[cnn-photo-caption image= http://i2.cdn.turner.com/cnn/2008/images/08/03/art.obama.tues.gi.jpg
caption="Sen. Barack Obama said Sunday that Michigan and Florida delegates should get a full vote."]
(CNN) - Sen. Barack Obama said Sunday that the delegates from Florida and Michigan should get a “full vote” at the Democratic convention this month.
“I believe party unity calls for the delegates from Florida and Michigan to be able to participate fully alongside the delegates from the other states and territories,” he said in a letter to the co-chairs of the Democratic National Convention’s Credentials Committee.
Obama asked the committee to pass a resolution when it meets on August 24 to give each delegate a full vote.
Florida and Michigan were stripped of their delegates as a penalty for holding their primaries too early. During the primary season, there were growing calls to seat the delegations as Obama and Sen. Hillary Clinton were locked in a tight race for their party’s nomination. Obama and Clinton were about 100 delegates apart in March, and Florida and Michigan's cache of 366 delegates had the potential to shake up the race.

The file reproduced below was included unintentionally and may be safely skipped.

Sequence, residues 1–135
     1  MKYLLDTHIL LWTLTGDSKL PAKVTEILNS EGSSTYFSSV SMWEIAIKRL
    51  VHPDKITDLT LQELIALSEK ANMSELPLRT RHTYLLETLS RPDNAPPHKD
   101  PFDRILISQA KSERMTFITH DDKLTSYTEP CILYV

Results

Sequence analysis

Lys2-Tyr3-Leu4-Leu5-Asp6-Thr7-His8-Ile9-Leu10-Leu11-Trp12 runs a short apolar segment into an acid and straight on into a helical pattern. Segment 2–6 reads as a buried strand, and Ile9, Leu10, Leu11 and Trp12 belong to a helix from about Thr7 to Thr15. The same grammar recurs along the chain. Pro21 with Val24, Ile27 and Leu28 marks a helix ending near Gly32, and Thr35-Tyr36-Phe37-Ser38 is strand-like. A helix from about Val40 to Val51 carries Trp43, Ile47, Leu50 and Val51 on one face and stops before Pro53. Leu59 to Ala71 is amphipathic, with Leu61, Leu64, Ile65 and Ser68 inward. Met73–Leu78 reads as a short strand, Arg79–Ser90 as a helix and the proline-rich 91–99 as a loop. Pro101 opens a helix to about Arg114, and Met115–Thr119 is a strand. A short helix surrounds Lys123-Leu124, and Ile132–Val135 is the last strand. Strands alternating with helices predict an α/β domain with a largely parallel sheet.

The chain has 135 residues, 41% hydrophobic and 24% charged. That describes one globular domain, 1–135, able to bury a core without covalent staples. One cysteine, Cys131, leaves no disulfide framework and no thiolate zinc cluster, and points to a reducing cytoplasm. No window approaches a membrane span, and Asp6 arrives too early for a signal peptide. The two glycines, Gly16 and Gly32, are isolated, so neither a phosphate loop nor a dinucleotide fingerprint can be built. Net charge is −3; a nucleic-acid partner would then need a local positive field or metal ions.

The battle over the states’ delegates became a key issue on the campaign trail. Clinton had long advocated for seating both states’ delegations. She won both primaries, but the Democratic candidates had agreed to not campaign in the two states and she was the only top-tier candidate on the ballot in Michigan.
Clinton’s message that “every vote should count” became a key theme in her stump speeches. She accused Obama of being "un-American" for not backing plans to hold a revote in the two states.
The Illinois senator denied claims that he was standing in the way of revotes.
"I want the Michigan delegation and the Florida delegation to be seated. And however the Democratic National Committee determines we can get that done, I'm happy to abide by those rules," he told CNN in March.
After months of wrangling over what to do, the DNC’s rules and bylaws committee voted in late May to reinstate all of Florida and Michigan's delegates, with each getting a half-vote.